Federal Judge Hears Class Action Debate

Federal Judge L. T. Senter is weighing whether to allow an individual lawsuit filed against State Farm to proceed as a class action suit. The judge originally turned down Judy Guice's request back in December. After Senter's ruling in favor of Norman and Genevieve Broussard, Guice's attorneys asked the judge to reconsider.

The resounding theme of the Wednesday hearing was not to let the court cases to drag on. Judy Guice's attorney's told the judge that all slab cases State Farm denied because of a water exclusion should become one class action lawsuit to speed up the process. The judge also heard from several lawyers representing plaintiffs in other slab cases.

Then homeowners, most of whom have not filed suit, shared their feelings about what they believe is the best way to end their dispute with State Farm.

The property owners who stood before Judge Senter didn't hold back ask they explained the long and difficult road they've traveled since August 29th 2005. All lost their homes and all had State Farm insurance that didn't payoff. They were hoping the judge hands them some hope.

Scott Gordon of Long Beach lost his home in Katrina. He says the process of trying to collect insurance payment has been painful for him and his family.

"I would just like this to be over with as quickly as possible," Gordon said. "Everybody has been through so much and we need to have some closure on this."

Mary Sanders' house is gone. She told the court that since she and her husband are elderly, she fears she might not live long enough to see her insurance situation resolved.

Another woman, Sharon Weiss of Pass Christian testified that she had contemplated suicide because of her insurance woes.

Judy Detrush became the voice of homeowners who call themselves the "Sling Shots." The group is made up of about 100 south Diamondhead residents. She says they all have slabs, but no checks from State Farm.

"It appears to me that a class action suit is just what we need," said Detrush. "It will help people who can't afford lengthy litigation. It will help people that can't handle any more of the stress."

After State Farm denied Judy Guice's claim on her Ocean Springs home, the attorney says she was determined to fight for herself and other Katrina victims.

"I'm not good at carpentry. I can't fix roofs, but I thought, for my community, what I could do is try to help the people that didn't have the emotional and financial resources that I've been lucky enough to have and who didn't have best friends that were lawyers," said Guice.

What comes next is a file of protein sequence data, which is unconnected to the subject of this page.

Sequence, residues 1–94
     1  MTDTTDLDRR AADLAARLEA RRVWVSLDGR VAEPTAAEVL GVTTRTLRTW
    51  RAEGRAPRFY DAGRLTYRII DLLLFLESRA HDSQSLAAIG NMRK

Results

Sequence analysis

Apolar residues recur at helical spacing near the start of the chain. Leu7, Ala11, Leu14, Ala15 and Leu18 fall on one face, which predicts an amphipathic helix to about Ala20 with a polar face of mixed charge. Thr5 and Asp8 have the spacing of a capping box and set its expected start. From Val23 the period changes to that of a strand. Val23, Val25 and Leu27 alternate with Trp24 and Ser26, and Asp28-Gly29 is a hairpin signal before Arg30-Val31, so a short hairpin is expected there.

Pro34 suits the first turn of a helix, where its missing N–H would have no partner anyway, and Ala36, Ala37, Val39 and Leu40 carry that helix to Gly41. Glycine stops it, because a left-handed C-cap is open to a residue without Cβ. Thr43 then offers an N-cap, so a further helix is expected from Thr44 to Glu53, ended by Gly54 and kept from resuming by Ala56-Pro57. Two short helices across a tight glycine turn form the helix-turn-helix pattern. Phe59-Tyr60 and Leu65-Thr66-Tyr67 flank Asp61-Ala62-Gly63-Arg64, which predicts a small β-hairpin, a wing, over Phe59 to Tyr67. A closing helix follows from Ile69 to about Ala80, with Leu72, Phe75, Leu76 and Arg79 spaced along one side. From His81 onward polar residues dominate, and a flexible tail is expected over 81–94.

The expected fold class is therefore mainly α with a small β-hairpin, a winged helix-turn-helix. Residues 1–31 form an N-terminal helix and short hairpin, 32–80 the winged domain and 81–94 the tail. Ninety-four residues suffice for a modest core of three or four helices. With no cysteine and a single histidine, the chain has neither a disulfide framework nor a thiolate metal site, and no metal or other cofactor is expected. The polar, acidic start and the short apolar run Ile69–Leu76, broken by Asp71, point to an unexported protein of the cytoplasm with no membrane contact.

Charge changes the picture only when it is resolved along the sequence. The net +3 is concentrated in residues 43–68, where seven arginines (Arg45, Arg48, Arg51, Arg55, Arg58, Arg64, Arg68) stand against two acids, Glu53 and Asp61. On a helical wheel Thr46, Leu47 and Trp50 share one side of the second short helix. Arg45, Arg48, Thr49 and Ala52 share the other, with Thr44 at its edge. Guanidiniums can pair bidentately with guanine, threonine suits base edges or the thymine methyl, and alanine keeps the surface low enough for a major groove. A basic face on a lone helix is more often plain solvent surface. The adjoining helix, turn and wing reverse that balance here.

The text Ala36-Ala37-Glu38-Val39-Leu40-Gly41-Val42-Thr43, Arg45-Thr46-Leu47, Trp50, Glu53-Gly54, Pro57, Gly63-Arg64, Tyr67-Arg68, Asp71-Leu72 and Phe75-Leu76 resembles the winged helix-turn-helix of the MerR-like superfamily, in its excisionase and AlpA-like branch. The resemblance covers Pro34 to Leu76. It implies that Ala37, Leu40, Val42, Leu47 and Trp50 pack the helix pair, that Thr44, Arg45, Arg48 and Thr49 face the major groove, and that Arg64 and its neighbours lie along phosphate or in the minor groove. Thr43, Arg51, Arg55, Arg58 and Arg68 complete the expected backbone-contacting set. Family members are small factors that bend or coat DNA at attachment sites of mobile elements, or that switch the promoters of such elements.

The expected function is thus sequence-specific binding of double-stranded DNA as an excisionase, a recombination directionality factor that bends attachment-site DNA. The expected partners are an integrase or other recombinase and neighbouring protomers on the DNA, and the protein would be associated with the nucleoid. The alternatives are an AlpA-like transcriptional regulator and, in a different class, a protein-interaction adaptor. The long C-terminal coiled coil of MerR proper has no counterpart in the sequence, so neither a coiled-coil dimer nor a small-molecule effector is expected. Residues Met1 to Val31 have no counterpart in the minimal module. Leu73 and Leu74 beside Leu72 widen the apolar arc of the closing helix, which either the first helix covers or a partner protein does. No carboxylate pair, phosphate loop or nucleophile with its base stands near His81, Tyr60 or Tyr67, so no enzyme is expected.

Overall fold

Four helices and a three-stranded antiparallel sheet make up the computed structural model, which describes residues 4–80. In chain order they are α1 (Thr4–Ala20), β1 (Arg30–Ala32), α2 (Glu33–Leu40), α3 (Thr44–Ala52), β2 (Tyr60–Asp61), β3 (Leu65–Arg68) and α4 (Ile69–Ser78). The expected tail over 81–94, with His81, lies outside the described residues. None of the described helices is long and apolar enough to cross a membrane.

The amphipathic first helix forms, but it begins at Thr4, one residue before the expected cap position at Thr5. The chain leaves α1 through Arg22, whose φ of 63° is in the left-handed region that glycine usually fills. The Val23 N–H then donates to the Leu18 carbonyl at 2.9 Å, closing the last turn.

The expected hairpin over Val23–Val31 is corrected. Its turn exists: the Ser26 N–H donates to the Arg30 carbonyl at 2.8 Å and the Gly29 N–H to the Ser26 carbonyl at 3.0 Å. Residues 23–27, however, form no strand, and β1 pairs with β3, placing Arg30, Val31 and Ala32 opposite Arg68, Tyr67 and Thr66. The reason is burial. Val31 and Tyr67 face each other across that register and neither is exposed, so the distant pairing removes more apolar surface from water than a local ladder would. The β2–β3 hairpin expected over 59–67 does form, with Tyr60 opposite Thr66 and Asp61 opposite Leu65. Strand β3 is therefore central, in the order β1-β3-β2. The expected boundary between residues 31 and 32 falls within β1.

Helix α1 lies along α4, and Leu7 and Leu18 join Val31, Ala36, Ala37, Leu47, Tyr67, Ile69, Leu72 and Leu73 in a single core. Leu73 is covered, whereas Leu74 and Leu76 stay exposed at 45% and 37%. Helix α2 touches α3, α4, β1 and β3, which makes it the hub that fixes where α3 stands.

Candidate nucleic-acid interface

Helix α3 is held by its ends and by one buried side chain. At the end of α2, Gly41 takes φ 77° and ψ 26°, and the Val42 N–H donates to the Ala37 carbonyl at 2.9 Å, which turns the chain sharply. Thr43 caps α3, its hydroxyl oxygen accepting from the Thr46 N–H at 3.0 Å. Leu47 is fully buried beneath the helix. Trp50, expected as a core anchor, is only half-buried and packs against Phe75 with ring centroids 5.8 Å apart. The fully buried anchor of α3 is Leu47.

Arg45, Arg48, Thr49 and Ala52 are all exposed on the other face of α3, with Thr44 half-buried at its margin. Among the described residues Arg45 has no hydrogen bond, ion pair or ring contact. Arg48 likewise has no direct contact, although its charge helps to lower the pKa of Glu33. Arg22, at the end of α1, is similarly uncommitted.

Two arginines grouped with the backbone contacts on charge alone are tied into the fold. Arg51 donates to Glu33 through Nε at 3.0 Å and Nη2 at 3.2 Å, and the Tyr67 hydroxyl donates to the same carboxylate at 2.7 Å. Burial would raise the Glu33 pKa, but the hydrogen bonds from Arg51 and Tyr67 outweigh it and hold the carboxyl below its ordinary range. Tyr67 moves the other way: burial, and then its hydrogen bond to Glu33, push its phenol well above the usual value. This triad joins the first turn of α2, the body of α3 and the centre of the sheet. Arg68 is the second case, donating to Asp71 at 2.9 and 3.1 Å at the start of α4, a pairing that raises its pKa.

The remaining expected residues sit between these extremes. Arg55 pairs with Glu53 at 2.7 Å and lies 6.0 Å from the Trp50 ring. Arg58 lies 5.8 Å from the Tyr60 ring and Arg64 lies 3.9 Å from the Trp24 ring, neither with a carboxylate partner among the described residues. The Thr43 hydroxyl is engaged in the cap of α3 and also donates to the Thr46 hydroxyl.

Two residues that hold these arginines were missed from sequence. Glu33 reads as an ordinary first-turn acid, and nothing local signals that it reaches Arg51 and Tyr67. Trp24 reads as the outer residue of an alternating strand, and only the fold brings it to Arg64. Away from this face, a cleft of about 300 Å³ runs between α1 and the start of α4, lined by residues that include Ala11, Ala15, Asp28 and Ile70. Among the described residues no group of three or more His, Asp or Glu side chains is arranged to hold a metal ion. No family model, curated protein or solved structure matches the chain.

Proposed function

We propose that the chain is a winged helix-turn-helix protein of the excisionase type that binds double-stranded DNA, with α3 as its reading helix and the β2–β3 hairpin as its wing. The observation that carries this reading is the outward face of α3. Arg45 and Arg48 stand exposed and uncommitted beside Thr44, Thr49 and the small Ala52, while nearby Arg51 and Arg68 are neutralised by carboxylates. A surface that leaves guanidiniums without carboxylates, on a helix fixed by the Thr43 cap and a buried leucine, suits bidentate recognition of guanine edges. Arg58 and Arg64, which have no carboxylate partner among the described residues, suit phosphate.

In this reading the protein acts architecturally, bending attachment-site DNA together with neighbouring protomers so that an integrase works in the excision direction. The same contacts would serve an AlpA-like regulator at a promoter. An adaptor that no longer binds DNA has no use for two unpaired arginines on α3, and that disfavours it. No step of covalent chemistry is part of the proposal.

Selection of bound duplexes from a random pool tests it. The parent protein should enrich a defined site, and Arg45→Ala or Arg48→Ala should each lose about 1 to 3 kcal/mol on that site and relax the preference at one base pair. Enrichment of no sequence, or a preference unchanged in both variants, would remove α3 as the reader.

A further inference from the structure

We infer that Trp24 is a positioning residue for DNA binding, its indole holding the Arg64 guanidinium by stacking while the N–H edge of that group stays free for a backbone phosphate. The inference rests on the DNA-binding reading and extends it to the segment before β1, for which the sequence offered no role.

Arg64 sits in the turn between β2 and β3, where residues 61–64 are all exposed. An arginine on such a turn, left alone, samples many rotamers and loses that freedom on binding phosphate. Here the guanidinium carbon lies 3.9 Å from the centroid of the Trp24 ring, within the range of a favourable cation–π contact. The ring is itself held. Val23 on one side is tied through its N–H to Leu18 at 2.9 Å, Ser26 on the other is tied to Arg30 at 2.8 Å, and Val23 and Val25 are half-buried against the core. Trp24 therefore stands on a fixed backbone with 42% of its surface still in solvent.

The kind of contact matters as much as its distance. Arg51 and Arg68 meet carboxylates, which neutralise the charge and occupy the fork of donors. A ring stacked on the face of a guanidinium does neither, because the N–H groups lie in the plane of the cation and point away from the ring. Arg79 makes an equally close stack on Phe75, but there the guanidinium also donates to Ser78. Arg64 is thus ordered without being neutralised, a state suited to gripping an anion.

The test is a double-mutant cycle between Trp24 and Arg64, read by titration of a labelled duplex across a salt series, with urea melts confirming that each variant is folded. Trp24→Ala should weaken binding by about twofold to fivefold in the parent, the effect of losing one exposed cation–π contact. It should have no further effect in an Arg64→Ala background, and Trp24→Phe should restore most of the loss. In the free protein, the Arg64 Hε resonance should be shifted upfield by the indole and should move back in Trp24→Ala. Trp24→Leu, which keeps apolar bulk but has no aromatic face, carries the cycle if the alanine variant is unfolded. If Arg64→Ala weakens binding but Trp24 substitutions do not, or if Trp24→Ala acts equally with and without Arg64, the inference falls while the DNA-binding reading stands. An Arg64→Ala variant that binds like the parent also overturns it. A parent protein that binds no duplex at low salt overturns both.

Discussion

State Farm lawyers made several points on their arguments on why this shouldn't become a class action suit. They say just because the court ruled that the company did not meet its burden its burden of proof in the Broussard case, the court should assume State Farm can't meet its burden in the rest of the slab cases.

They also say just because the Broussards were awarded punitive damages, that wouldn't automatically entitle all participants in a class action suit to also receive those punitive damages.

Another argument, State Farm intends to appeal the Broussard decision and not enough time has lapsed to warrant a class action suit based on that ruling.

Some attorneys representing Katrina slab cases said they would support the class action with some modifications so to give closure to Mississippians. Other argued against a class action because their clients could not opt out of it.

Willliam Merlin says its impossible for his 51 slab cases to fit neatly into one lawsuit, especially since not all homeowners bought the same type of coverage. He says his clients also worry about having their case in the hands of lawyers they didn't chose and whether those lawyers will have their best interest at heart.

Attorney William Merlin said, "Class counsel doesn't go to every single individual and talk to who they are and what their individual damages are, and their problems are. Everybody in this community knows they have individual problems with differing amounts of damages that need to get taken care of. Class is not going to resolve that."

The class action request is based on Judge Senter's recent decision in the Broussard slab case.  The Broussard's attorney Bill Walker testified that he doesn't support class action at this time. Jeff. The judge issued no ruling after the two hour hearing, and did not indicate when he might.

Meanwhile, Judy Guice's attorneys say they've heard from 90 homeowners asking to be part of the class action. They also want to include people who settled in mediation because the attorneys contend those people negotiated under the wrong standards for just pennies on the dollar.

In a statement released after the class action hearing State Farm said, "We fully understand what these people are going through, which is why we've worked so hard the last several months to come up with a resolution that will move us all forward."